Wednesday, September 28, 2011

THE WOUNDED HEART BLOG TOUR: AUTHOR INTERVIEW, REVIEW, AND GIVEAWAY

GIVEAWAY ENDED
 THE WOUNDED HEART 
THE AMISH QUILT TRILOGY
BY ADINA SENFT

ABOUT THE BOOK:
When a business offer turns into something more personal, Amelia is torn between what logic tells her is right, and the desire of her heart.

A widow with two small children, Amelia Beiler is struggling to make ends meet. She is running her late husband's business, but it's not what she was raised to do, which is run a home. When she gets an offer for the business from Eli Fischer, she's only too relieved to consider it-especially when it looks like Eli's interest might include more than just the shop. But when she begins to experience strange physical symptoms and is diagnosed with multiple sclerosis, it's difficult not to question God's will. If she pursues the treatment she believes in, she risks going under the bann. But how can she allow Eli to court her when she can't promise him a future?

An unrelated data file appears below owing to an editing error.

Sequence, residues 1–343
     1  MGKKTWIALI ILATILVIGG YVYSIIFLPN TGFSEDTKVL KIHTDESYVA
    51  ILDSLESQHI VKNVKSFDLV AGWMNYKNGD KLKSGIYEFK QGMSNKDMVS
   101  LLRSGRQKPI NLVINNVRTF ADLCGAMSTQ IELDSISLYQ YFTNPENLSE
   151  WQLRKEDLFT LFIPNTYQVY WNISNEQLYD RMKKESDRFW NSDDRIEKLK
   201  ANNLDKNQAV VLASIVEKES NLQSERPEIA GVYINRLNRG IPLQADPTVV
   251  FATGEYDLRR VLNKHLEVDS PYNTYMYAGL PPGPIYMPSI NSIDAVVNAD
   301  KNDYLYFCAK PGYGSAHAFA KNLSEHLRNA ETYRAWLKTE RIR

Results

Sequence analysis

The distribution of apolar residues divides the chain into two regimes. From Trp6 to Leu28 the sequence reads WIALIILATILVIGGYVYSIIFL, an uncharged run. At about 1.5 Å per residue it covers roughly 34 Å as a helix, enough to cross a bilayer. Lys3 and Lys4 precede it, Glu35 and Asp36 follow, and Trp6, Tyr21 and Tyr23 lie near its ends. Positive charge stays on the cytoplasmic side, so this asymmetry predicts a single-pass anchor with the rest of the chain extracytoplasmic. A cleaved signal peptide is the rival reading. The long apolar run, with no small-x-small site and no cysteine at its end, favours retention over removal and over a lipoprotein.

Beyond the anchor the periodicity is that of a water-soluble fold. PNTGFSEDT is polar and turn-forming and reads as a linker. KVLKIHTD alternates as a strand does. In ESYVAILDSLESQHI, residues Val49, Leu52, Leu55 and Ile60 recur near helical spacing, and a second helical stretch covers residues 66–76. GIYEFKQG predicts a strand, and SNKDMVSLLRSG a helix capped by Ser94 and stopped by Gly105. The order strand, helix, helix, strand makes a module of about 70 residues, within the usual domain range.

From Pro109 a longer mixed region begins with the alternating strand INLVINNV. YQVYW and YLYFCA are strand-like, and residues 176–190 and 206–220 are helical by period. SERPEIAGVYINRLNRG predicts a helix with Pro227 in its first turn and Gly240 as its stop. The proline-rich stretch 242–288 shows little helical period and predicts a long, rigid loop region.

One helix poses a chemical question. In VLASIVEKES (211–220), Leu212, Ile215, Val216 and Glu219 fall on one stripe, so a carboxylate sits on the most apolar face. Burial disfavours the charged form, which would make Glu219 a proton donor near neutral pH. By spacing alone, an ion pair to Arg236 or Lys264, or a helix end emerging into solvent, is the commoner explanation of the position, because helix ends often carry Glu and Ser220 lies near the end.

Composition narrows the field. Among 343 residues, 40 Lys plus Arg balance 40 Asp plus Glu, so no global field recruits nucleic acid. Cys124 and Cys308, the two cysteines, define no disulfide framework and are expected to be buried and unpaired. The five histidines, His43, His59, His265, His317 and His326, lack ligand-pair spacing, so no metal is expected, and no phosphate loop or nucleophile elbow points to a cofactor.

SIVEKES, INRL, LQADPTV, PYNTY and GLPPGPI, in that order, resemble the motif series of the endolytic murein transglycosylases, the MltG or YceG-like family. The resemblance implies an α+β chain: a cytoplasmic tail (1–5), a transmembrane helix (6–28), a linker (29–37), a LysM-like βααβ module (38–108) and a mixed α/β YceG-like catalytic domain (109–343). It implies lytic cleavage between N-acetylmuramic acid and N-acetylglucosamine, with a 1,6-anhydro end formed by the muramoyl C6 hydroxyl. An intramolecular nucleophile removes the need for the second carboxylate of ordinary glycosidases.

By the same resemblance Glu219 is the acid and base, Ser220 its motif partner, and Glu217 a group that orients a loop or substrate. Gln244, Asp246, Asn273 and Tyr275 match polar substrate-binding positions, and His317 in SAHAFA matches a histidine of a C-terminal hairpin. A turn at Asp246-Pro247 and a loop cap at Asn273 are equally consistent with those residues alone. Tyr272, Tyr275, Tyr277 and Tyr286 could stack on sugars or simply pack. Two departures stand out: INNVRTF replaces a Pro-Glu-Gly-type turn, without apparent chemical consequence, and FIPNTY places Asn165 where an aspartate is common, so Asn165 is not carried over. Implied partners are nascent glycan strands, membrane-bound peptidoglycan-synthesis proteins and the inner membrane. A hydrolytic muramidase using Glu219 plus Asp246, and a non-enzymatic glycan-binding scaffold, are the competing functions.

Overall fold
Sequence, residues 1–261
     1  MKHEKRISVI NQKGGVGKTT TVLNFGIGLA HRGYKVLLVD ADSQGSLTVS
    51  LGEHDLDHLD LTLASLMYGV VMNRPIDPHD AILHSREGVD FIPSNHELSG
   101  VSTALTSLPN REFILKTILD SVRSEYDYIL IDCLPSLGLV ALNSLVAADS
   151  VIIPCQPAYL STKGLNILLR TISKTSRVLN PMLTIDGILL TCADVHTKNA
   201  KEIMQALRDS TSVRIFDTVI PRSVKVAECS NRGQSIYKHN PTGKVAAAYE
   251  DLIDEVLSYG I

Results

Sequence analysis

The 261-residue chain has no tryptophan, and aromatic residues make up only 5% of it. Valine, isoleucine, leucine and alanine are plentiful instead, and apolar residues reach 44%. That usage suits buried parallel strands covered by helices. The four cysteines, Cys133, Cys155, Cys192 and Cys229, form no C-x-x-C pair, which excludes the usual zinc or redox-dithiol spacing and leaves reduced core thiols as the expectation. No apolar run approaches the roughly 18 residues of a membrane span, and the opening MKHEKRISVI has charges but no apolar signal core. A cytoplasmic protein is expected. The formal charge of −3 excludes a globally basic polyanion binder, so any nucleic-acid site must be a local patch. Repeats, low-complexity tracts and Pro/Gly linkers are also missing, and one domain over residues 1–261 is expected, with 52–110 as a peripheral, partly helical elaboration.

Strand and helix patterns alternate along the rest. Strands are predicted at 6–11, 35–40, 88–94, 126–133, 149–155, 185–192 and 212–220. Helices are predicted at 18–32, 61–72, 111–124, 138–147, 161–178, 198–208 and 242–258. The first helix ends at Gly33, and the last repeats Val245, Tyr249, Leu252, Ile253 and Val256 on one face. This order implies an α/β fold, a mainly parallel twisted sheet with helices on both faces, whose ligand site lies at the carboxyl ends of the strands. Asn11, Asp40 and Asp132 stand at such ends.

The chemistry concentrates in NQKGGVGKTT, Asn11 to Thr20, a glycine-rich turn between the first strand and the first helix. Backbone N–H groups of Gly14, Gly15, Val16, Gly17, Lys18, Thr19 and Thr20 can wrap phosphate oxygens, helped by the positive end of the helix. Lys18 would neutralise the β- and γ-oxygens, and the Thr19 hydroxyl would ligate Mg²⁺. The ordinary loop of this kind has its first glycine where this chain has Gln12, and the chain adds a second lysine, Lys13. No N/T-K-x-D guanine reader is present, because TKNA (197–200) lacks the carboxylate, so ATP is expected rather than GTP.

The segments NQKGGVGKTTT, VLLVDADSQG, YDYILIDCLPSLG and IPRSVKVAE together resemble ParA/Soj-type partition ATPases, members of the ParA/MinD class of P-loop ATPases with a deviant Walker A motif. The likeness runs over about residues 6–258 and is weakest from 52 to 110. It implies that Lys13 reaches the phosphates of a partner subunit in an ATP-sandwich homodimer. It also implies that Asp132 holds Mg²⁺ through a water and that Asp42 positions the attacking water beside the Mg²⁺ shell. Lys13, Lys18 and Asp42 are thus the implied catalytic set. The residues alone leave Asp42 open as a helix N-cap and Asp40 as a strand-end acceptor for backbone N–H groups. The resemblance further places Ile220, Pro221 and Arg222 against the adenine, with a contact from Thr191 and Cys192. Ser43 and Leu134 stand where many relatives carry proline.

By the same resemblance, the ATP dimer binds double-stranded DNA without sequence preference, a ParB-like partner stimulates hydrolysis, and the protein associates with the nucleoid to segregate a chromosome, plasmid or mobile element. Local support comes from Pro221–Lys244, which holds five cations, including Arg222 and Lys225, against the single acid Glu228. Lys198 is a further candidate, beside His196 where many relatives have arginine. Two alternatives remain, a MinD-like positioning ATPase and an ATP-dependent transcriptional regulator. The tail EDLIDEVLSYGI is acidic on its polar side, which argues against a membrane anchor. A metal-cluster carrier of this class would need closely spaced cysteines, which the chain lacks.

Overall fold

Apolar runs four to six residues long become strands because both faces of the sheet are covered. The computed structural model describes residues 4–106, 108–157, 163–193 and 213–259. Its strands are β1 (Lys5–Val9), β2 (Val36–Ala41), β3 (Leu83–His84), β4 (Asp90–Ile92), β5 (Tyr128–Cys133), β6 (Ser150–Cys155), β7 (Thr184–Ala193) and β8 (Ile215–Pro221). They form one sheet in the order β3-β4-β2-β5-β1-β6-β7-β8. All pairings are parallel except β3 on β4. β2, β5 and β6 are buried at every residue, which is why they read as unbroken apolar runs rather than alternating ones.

Includes instructions to make the quilt block featured in the novel.

ABOUT THE AUTHOR:
Adina Senft grew up in a plain house church, where she was often asked by outsiders if she was Amish (the answer was no), she made her own clothes, and she perfected the art of the French braid. She holds an M.F.A. in Writing Popular Fiction from Seton Hill University in Pennsylvania, where she teaches as adjunct faculty.

Writing as Shelley Bates, she was the winner of RWA’s RITA Award for Best Inspirational Novel in 2005, a finalist for that award in 2006, and, writing as Shelley Adina, was a Christy Award finalist in 2009. Three of her books have shortlisted for the American Christian Fiction Writers’ Carol Award for book of the year. Of her fiction, publisher and industry blogger W. Terry Whalin has said, “Readers will be lost in the vivid world that [she] paints with incredible detail and masterful storytelling.”

A transplanted Canadian, Adina returns there annually to have her accent calibrated. Between books, she enjoys traveling with her husband, playing the piano and Celtic harp, and spoiling her flock of rescued chickens. These days, she makes period costumes and only puts up her hair for historical events and fun. 

AUTHOR INTERVIEW: